My eyes popped open at 8:40 AM. SH*T!!! What happened to my alarm?! SH*T!!! Set for PM?! SH*T!!! SH*T SH*T!!! I flew out of bed, threw on the first thing I found, shoved my explosion of clothes into my pack, and ran out the door. I did not pass go, did not collect $200, did not shower, and did not brush my teeth. I sprinted a kilometer to the train station, 40 pounds on my back, and jumped through the train doors just as they were slamming shut. Whew! I barely made it. At least I didn't have to worry about having to ward off vampires. I smelled GREAT.
FROM BRASOV WITH BWAHAHAHAHA!!!!
Having learned my lesson in Sibiu, I pre-booked my accommodations in Brasov. My email confirmation from the Kismet Dao Hostel advised me to look for "Dave from California" when I arrived at the train station. A Bay Area native, I assumed finding my own kind in the middle of Romania should be easy enough, right? Well, aside from the fact that he was cooped up in a very unobvious booth wedged underneath a staircase, Dave was impossible to miss. Turns out, Dave from California was more specifically from Hayward, and he screamed it. Literally. He was sporting a custom-made shirt with "Hayward" emblazoned on the front, a gold ring on each finger, and a beard in the style of Vlad Tepes (Dracula's inspiration) as a tribute to his Romanian heritage. While we obviously came from other sides of the Tunnel, I knew when I saw the Raiders cap that we were going to get along just fine. After all, I went to high school in Oakland. Within minutes of dropping my pack at the hostel and showering off my Sibiu revelry, Dave, some fellow hostelers, and I were on our way to lunch. The next thing I knew, we were doing tequila shots over ice cream and then it was on to beer. The hair of the dog was threatening to grow wild.
It was sometime during this afternoon respite that Dave and I discovered many commonalities, including a strong first-generation identity and a mutual love of dominoes. So, after wrapping up our siesta, we went on a mission to find some bones. Third time's a charm, they say, and after trying two stores with no luck, we struck gold in the third. Dominoes in hand, we headed back to the hostel. Since I had to be up early the next day, however, we opted to postpone our domino showdown until the following evening. The next morning I awoke early for a tour of Peles Castle, Bran Castle, and the Rasnov fortress. Despite our maniacal driver on the verge of spontaneous combustion, the tour was amazing. I have visited my fair share of castles and I can easily say that Peles was one of the most beautiful I have ever seen. As the Lonely Planet puts it, "Most visitors are led through here with their jaws scraping the floor in amazement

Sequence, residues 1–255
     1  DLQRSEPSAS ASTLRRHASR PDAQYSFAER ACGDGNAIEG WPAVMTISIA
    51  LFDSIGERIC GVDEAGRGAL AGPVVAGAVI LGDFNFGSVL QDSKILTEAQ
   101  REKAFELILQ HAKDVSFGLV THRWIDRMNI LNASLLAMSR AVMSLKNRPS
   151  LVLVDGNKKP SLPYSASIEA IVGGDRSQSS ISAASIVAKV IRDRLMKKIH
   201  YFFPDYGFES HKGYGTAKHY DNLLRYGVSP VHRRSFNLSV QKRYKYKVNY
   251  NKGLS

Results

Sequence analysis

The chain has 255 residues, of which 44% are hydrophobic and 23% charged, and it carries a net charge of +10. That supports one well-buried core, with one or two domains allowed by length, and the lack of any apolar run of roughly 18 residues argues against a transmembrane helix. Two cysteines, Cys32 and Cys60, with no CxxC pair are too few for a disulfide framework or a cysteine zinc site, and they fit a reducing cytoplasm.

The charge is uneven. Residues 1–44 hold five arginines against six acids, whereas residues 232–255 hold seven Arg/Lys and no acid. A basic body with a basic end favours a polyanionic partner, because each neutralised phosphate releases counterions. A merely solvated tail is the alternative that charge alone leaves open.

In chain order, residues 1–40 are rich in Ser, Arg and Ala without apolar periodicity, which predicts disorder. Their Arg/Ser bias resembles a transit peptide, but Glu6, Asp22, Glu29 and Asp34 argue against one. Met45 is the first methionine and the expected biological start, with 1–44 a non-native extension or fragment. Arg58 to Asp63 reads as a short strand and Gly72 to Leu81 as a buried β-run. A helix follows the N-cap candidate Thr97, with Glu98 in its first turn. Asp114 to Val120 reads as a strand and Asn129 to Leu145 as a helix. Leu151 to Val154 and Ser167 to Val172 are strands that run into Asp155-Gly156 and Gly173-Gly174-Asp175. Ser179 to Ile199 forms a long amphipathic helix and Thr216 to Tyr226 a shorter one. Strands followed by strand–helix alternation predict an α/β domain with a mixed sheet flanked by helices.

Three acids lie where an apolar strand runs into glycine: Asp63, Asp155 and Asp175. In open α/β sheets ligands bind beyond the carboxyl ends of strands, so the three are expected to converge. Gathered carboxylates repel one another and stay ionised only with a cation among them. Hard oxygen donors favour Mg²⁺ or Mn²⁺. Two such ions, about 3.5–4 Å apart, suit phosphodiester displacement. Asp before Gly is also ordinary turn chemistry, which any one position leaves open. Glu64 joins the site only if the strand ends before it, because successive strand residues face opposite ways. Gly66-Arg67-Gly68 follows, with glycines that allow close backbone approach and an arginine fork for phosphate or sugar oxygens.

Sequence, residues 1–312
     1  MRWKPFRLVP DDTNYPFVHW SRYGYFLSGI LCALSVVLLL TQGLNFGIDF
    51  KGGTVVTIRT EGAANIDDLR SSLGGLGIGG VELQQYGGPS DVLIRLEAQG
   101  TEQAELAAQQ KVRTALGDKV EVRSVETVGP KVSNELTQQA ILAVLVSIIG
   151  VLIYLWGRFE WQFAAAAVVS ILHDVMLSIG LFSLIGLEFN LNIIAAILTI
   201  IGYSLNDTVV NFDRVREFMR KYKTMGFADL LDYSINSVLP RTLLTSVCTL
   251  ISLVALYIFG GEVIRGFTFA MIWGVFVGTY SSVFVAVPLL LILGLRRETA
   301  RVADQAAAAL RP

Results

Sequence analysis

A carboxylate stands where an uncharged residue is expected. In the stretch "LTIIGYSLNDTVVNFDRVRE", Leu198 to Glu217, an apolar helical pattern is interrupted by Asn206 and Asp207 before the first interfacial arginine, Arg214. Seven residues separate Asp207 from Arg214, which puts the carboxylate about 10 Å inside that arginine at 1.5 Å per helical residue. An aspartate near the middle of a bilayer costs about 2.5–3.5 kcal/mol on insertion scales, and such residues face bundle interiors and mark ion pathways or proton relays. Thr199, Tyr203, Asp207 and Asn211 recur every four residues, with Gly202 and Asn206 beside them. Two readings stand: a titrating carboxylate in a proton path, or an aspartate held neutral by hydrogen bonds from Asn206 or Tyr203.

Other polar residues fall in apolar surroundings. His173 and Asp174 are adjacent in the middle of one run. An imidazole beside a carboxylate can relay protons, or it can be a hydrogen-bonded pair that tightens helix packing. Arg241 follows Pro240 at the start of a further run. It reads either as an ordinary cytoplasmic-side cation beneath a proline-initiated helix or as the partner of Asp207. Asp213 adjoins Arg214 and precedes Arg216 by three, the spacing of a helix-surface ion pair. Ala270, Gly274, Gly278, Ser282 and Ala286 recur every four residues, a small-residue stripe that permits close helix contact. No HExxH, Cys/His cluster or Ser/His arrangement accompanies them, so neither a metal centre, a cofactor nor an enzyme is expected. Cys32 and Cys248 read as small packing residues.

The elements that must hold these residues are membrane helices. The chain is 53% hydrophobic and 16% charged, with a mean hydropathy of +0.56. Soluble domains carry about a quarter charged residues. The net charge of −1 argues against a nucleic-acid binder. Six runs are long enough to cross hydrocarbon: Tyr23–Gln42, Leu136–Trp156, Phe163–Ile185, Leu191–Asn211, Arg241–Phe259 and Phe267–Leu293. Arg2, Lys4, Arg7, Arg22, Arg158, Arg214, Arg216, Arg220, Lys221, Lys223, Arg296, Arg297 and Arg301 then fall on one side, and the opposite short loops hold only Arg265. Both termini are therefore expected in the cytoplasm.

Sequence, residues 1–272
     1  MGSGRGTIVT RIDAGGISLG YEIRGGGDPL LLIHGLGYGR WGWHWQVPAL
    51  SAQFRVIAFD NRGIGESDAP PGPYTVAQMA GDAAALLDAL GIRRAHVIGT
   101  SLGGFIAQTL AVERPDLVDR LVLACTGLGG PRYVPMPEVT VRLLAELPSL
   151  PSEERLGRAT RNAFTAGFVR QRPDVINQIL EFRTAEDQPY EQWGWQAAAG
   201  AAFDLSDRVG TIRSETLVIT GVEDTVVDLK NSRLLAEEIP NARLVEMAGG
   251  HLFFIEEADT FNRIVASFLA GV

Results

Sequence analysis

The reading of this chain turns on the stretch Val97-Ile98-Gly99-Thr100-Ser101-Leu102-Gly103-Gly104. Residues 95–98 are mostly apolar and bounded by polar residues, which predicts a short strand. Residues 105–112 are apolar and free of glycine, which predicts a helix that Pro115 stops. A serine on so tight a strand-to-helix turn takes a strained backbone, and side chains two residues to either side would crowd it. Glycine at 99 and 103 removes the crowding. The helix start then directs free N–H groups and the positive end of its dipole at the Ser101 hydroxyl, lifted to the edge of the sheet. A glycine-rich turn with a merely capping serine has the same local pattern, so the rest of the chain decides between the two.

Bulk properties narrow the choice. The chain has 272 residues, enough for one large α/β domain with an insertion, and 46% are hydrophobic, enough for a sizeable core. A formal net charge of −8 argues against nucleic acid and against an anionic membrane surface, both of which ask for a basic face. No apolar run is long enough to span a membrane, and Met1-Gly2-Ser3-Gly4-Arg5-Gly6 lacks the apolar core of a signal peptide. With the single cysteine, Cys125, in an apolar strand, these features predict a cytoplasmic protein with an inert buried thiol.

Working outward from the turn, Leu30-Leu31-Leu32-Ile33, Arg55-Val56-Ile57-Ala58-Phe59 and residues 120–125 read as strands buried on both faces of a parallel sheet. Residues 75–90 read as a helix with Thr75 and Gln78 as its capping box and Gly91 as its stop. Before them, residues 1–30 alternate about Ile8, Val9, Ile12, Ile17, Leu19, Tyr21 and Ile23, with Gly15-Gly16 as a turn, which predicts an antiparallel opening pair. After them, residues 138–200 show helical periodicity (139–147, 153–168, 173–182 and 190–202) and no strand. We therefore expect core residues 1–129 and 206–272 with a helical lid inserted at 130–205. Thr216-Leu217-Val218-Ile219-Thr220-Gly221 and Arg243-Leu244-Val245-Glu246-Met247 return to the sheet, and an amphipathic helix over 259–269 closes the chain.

the effect of wandering through the stunning halls and rooms listening to the guide rattling off an endless list of exotic materials used to furnish them (alabaster, gilded linden wood, mother of pearl, Turkish silk etc) is dizzying." All rooms are furnished in a style of a different country and in the entryway alone there are 49 different types of wood. King Carol I built Peles in predominantly German-Renaissance style between 1875 and 1914 and it was the first castle in Europe to have central heating and electricity. In later days, Ceausescu used the castle to entertain leading communists and foreign statesmen, including Richard Nixon, Gerald Ford, Moamar Gaddafi, and Yasser Arafat. At least he had some sense not to barrel it over like he did many other architectural gems of Romania.